Clean your grill’s grate everytime you cook while it’s still hot, according to our experts. A hot grill grate makes grease and grime easier to remove, says Lyman. “Some people like to turn off or shut down their grills immediately after grilling. People think they’re saving propane, but in reality, you’ll have to burn more when you start up your grill the next time to get the grates clean. If you clean it right away, you’ll be ready to grill at a moment's notice,” he says.
To clean like a professional, bring your grill to its highest temperature with the lid down and allow the heat to burn off any dirt or grime for a few minutes. Then, use a grill brush to scrape off any excess char or food. You should also use a grill brush to clean the grate before you cook, but if you thoroughly clean the barbecue after cooking, your next cleaning will require little effort, says Abdoo.
The underside of the grill grates are also often overlooked when it comes to cleaning. “People let this go all the time because they don’t see it,” Lyman says. To clean this part of the grill, he suggests turning your grates over and putting them into the grill upside down a few times every season. Then turn on the heat for about 15 to 20 minutes before scraping off soot and dirt with a brush before turning off the heat.
Outside of the grill
You can clean the outside of your grill with any cleanser you’d like after it’s completely cool—just be sure to use a tool that won’t scratch the surface like a sponge or cloth, says Abdoo. If your grill is made of stainless steel, you can use stainless steel wipes on it, he says. Lyman suggests rinsing the outside of the grill off with water afterward you clean, making sure you don’t leave any soap behind, and drying the outside with a cloth.
Cleaning gas versus charcoal grills
While Lyman says you can clean grill grates on gas and charcoal grills with the same tools, he notes that charcoal grills can be a messier endeavor.
Gas grills often have more parts to clean than charcoal grills, like burners, ignitors and rotisserie attachments, according to Lyman. These parts of gas grills can be “a haven to spiders and other pests and can cause trouble with gas flow and air circulation, causing inconsistent heat,” he says. Lyman recommends using a blower to get rid of any bugs and spider webs that you find on your grill.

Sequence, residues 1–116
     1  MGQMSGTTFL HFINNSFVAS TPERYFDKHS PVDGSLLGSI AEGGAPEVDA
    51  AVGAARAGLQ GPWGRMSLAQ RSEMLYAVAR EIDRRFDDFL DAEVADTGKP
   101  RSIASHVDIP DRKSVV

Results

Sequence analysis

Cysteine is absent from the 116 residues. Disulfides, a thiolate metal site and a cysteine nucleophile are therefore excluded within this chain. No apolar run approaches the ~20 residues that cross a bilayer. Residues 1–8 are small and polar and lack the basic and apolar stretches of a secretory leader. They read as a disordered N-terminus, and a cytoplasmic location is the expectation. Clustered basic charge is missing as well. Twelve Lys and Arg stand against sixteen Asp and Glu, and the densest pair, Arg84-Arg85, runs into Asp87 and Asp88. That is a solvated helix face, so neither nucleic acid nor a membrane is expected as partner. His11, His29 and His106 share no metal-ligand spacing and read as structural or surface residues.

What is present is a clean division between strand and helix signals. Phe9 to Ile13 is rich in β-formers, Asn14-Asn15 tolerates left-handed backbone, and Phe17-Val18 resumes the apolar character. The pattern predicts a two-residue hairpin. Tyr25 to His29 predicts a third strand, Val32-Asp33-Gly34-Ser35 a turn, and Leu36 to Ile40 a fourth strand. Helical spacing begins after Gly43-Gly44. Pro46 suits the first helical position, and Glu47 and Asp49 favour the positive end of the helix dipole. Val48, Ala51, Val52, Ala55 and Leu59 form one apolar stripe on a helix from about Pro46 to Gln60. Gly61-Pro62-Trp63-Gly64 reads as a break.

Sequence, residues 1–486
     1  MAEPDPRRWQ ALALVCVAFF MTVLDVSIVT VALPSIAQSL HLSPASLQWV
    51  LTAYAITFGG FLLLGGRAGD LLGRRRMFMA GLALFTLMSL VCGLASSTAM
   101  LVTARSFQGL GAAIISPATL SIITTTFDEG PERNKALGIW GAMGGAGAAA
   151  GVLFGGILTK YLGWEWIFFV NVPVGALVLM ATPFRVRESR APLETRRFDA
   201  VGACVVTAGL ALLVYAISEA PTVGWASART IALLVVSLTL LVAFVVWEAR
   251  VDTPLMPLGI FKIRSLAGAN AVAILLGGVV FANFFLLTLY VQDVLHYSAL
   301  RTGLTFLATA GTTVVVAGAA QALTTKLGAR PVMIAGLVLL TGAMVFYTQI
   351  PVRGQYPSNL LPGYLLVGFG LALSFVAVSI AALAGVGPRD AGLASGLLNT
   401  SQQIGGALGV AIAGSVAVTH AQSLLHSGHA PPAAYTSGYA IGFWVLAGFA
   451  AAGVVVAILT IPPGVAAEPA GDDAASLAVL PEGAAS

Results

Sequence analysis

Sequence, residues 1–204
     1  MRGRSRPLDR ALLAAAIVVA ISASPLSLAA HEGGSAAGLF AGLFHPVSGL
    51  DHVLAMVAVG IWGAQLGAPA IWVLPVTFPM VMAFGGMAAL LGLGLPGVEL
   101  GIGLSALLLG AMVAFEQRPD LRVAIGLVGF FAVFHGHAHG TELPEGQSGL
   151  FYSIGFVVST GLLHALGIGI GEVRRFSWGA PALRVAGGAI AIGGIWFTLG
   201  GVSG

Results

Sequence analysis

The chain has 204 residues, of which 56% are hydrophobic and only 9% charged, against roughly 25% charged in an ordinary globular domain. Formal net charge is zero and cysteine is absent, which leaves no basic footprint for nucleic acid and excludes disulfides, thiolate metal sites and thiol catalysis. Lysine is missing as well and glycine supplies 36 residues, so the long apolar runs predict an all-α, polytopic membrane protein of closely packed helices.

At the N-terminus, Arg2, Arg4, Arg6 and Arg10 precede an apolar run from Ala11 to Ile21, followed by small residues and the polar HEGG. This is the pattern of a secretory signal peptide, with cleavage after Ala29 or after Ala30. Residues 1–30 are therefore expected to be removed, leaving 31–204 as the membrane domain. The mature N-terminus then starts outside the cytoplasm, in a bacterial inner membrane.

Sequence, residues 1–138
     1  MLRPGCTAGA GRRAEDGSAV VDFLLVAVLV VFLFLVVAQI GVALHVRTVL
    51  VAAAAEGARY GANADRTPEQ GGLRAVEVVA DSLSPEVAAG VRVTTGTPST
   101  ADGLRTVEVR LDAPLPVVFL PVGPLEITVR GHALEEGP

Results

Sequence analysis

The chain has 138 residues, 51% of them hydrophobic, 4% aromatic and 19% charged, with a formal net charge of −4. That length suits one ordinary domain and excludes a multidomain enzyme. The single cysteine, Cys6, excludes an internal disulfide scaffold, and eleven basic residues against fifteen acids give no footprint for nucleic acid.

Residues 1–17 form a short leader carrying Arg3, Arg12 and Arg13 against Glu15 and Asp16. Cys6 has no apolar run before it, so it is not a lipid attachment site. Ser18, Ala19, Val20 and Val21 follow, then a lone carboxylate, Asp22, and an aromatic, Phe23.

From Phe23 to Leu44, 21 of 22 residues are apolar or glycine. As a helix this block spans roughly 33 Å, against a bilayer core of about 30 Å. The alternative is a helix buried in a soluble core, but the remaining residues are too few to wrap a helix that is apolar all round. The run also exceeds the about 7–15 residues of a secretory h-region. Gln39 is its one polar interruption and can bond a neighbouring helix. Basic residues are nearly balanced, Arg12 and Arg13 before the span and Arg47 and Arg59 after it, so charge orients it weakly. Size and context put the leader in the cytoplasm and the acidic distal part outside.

How to get rid of rust
A common issue people face when caring for grills is rust, which is a result of moisture on exposed metal surfaces, says Lyman. A rusty grill is generally avoidable if you take care of it with products like Bar Keepers Friend, but once you notice rust — especially on your grill grate — you should get rid of it before it becomes a bigger problem.
Soak rusty grill grates overnight in a salt and vinegar solution (mix two parts vinegar to one part salt) and then use steel wool to scrub it down, says Abdoor. Afterwards, coat the previously rusted area lightly with Crisco and heat the grill to 200°F for an hour to season the grates, says Karmel.
Meet our experts
At Select, we work with experts who have specialized knowledge and authority based on relevant training and/or experience. We also take steps to ensure all expert advice and recommendations are made independently and without undisclosed financial conflicts of interest.
- Matt Abdoo is an executive chef and partner at Pig Beach BBQ, which has locations in New York City and Palm Beach, Florida.
- Elizabeth Karmel is a chef, a grilling expert and creator of the weekly cooking newsletter “What’s For Dinner?”.
- Glenn Lyman is a personal chef on the chef’s panel for Lynx Grills.
Why trust Select?
Zoe Malin is an associate updates editor for Select on NBC News.
Bethany Heitman is a contributor at NBC Select and a journalist who regularly covers topics like beauty, home and lifestyle. For this story, she interviewed four experts to gather their guidance on how to clean your grill and the best products to use.